If you catch any of the video clips from the rally today, you’ll see atheists, humanists, and all kinds of other descriptors people use, making calls for the secularism, the values of Jefferson and Madison, equality under the law, democracy, and our responsibilities to each other as human beings. The people who were out on the Mall today were NOT Stalin, Mao, Pol Pot, or Hitler (who has yet to be excommunicated by the Catholic Church).

  • barbaranecker

    Prosletyzing should be done on your time, not company time — and you shouldn’t make a pest of yourself. If your victim doesn’t want to talk about it, politely hand her your card & say “if you change your mind feel free to give me a call”.

  • Kingofkings1

    The christians who feel persecuted have an excellent option: they can immigrate to the Vatican

  • Livelongandprosper

    Great article, Paula.

    I would add as another example that being restricted if you are a teacher in a public school from teaching creationism or intelligent design to a captive audience of students who have no choice but to listen to the teacher is not persecution.

    A problem you no doubt have heard of in the military service is superiors who are Christians criticizing subordinates for not being Christian or following a particular Christian belief. When confronted about their behavior, they consider themselves victims for being restricted from “sharing their faith.”

    An organization called the Alliance Defense Fund often tries to paint these restrictions on Christians harassing others as restrictions on the freedom of belief.

  • Livelongandprosper

    You also hear the same victim rhetoric when Christians speak out against hate crime laws or laws banning discrimination based on gender identity or sexual orientation. They drape their homophobia in religion to justify it, and argue that these laws when restrict them from preaching against alternative lifestyles.

  • ClearThinker4

    Most of you seem perfect at ease with restricting what people are allowed to say. “Curse those Christians who dare say something I disagree with. Keep their damn opinions to themselves!”

    Is it only on the subject of religion and God that opinions are not allowed. Do you really want to live and work in a society that forbids ALL expressions of opinion – because “GOD FORBID” you might hear something you don’t like?

    By all means then, no shirts with logo’s on them, no baseball caps (I might not like your team), no key chains which have a car logo, no jeans with a brand name listed.

    I know that Paula lives now in Scotland but this is appearing in the Washington Post and our founders decided long ago that Religion would be protected FIRST – before speech, or press, or assembly, or petitioning the government. All of the examples which Paula gave took place in England which does not have our first amendment.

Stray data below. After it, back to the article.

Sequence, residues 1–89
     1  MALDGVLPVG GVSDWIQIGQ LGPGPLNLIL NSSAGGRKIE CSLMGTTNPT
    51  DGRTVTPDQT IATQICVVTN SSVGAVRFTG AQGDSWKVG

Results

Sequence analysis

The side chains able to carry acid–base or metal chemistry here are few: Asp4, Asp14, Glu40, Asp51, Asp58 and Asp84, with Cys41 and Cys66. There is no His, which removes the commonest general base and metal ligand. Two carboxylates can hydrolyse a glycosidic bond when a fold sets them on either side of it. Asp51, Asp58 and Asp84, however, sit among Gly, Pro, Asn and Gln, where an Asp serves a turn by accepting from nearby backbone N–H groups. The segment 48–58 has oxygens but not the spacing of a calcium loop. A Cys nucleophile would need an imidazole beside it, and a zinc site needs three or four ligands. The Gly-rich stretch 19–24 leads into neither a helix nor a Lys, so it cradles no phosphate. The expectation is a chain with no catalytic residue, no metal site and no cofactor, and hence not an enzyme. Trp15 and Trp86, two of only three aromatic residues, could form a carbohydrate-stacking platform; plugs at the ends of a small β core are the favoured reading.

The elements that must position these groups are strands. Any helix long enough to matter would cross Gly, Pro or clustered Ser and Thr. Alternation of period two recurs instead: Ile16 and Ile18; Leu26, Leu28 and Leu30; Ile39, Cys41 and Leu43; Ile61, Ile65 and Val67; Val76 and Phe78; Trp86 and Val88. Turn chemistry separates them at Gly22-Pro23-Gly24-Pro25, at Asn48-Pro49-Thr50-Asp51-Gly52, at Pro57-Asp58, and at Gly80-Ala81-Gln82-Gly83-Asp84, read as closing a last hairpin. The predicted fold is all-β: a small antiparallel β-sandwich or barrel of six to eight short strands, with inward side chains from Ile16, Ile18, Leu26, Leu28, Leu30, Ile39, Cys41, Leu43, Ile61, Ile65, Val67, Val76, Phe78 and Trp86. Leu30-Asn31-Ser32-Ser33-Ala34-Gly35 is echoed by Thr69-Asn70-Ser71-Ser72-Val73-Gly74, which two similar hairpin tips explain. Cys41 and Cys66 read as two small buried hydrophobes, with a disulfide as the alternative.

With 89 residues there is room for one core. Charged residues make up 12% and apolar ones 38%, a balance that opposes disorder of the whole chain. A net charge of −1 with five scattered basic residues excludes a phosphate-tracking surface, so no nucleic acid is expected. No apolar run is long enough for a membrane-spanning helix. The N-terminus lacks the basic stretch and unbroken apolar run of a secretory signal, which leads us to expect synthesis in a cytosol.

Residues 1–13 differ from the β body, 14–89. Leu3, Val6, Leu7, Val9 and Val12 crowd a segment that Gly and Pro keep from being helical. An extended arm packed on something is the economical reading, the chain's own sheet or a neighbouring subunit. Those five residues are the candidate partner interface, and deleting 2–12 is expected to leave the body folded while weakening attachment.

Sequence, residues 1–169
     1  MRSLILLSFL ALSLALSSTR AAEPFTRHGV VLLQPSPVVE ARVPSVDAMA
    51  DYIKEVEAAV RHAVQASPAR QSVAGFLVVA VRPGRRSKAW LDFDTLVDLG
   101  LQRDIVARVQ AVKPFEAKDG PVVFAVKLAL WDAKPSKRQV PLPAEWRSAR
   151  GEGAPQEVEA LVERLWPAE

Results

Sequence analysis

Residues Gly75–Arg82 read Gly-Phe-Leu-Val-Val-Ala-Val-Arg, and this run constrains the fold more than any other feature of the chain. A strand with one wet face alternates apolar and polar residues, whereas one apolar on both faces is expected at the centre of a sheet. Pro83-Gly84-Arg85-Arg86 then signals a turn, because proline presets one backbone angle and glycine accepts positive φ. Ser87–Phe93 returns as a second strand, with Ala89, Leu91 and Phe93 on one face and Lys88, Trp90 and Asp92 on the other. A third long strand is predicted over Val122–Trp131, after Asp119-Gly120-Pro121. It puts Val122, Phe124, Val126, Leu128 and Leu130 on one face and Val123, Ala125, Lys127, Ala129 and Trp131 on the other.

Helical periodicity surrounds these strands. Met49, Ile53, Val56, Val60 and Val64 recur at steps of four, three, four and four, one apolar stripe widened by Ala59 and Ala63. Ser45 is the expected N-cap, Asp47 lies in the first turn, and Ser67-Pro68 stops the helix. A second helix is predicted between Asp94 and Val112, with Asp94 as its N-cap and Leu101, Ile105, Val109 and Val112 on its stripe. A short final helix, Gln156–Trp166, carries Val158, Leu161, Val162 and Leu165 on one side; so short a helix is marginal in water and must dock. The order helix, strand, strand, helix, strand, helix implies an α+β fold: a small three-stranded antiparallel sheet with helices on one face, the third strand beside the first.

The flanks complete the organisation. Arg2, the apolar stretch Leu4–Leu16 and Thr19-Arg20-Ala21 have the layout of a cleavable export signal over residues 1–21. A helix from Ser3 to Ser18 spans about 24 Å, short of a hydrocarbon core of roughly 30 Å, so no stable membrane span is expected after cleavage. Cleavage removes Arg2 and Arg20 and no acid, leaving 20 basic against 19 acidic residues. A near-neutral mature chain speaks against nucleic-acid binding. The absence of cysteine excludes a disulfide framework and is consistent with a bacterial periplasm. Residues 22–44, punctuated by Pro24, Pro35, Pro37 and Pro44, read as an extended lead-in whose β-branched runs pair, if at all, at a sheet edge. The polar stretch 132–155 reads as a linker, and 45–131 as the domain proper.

For those of you who say things like “It’s part of her job to give civil unions – just do it and shut up!” think carefully about cheering government edicts like this. Will you also say the same thing when the government issues rules that you find abhorrent? If Sharia law is ever instituted will you be telling the doctor, “If you don’t want to cut off someone’s hand for stealing, you shouldn’t have taken the job!”

    Freedom of conscience is the highest freedom. Without it, you really have no other freedoms.

  • fraudbust2011

    How about forcing private insurers to pay for abortifacient drugs, like the new HHS mandate does? What, does nothing count until they start pulling out fingernails?

  • Buddy999

    The registrar works for the government so I don’t think babbling about edicts makes much sense.

    I suggest a name change, mebbe something snazzier like Wile E Coyote, Super Genius

  • Catken1

    How about forcing the rest of us to pay extra so that more expensive plans without contraception can be pushed on the employees and students of Catholic-run institutions?

    How about forcing private insurers to pay for more children than they deem religiously acceptable per insured couple? Is that OK with you?

  • Catken1

    When you take a job working for the government, you agree to abide by its rules. In the unlikely event that our government passes a law punishing theft by the surgical removal of a hand, a doctor working for the government as an executioner would be required to do this, yes. And doctors who currently work as executioners for the government are not entitled to get their pay without doing their job because they disapprove of the death penalty on religious grounds.

    I don’t approve of the death penalty, myself, in most cases. But if I take a position as an executioner with the federal government, I will understand that the job entails executing people, perhaps even people I don’t believe to be deserving of execution. I might refuse, in that case, but I will expect to lose my job as a natural consequence of that refusal.

    And a registrar may not refuse to perform a legal civil marriage because she personally does not approve of the couple’s choice of each other as spouse. Do you think registrars ought to be able to refuse to perform interracial marriages, marriages of couples who do not share the registrar’s faith, marriages that do not adhere to the registrar’s preferred sex role pattern, marriages of people whose genes the registrar believes should not be handed down?